SHENZHEN has announced 20 reform measures encompassing 126 policies to improve its business investment and market environment, the Shenzhen Special Zone Daily reported yesterday.
The measures and policies, tailored for Shenzhen and referring to the experiences of advanced countries and regions such as Singapore and Hong Kong as well as the World Bank's business environment evaluation system, highlight six aspects: trade investment, industry development, talent development, administrative approval, green development and rule of law.
The move aims to create a world-class business environment in government service, management standardization, market vitality and comprehensive costs in the city, according to the report.
Thirty of the policies focus on promoting Shenzhen-Hong Kong financial cooperation, facilitating international trade and advancing customs declaration supervision reforms while another 35 specialize in optimizing the allocation of industrial space resources, reducing enterprise operational costs and taxes, addressing financing difficulties and providing more support for innovation.
Sixteen policies were unveiled to lure talents, including favorable housing policies, quality public services for overseas-educated professionals, and making visas and work permits easier for expats working in the city to obtain.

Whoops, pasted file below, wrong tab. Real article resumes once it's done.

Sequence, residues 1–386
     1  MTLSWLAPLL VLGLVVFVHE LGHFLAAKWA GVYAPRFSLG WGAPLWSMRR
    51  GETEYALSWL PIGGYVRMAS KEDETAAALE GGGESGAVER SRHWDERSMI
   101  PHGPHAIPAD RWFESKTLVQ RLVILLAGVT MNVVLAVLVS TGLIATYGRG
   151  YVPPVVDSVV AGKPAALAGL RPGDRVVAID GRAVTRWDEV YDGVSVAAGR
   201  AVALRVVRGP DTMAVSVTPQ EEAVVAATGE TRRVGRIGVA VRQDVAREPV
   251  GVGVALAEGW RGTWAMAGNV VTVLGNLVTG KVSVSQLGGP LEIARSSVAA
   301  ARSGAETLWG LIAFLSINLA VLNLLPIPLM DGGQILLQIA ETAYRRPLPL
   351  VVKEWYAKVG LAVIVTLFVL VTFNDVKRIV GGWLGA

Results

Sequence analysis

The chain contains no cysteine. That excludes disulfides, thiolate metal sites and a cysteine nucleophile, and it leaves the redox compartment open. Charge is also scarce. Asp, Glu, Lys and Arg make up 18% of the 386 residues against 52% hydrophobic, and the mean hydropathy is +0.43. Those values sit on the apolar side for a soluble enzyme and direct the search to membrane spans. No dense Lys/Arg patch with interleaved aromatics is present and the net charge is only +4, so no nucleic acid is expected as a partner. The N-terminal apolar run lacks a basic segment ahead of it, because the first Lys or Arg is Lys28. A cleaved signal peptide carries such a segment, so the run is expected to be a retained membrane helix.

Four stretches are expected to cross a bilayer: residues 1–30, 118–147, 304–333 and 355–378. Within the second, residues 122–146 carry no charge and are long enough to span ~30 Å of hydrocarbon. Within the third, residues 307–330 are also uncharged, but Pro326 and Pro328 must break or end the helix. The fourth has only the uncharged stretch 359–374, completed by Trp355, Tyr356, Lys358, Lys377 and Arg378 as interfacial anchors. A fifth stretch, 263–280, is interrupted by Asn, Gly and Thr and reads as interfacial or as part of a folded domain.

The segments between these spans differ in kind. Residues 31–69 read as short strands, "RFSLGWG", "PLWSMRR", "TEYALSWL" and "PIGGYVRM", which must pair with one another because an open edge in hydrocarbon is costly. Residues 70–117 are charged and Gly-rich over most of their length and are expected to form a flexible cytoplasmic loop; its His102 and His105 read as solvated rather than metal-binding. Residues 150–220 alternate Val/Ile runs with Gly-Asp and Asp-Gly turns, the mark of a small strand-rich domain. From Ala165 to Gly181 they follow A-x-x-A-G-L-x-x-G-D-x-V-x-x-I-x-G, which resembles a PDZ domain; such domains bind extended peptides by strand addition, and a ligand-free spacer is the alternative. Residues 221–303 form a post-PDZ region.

The government will also cut red tape in administrative approvals for enterprise registration, construction permits, tax payments, electricity power application and installation, and property registration.
To build a more livable city, the city will explore ways to set up an environmental protection court, draw up regulations on natural coastline control and marine ecology red line management.
Intellectual property rights protection is also at the top of the policy list. The city will implement the punitive compensation system for IPR infringements.
Shenzhen's move answers a call by President Xi Jinping, who said at a meeting of the Central Leading Group on Finance and Economic Affairs in July last year that China should improve its investment and market environment, accelerate opening up to the outside world and lower operating costs.
He urged megacities like Beijing, Shanghai, Guangzhou, and Shenzhen to take the lead in improving their business environment, demanding moves to reduce inspections and fines on companies and ban illegal fee charging.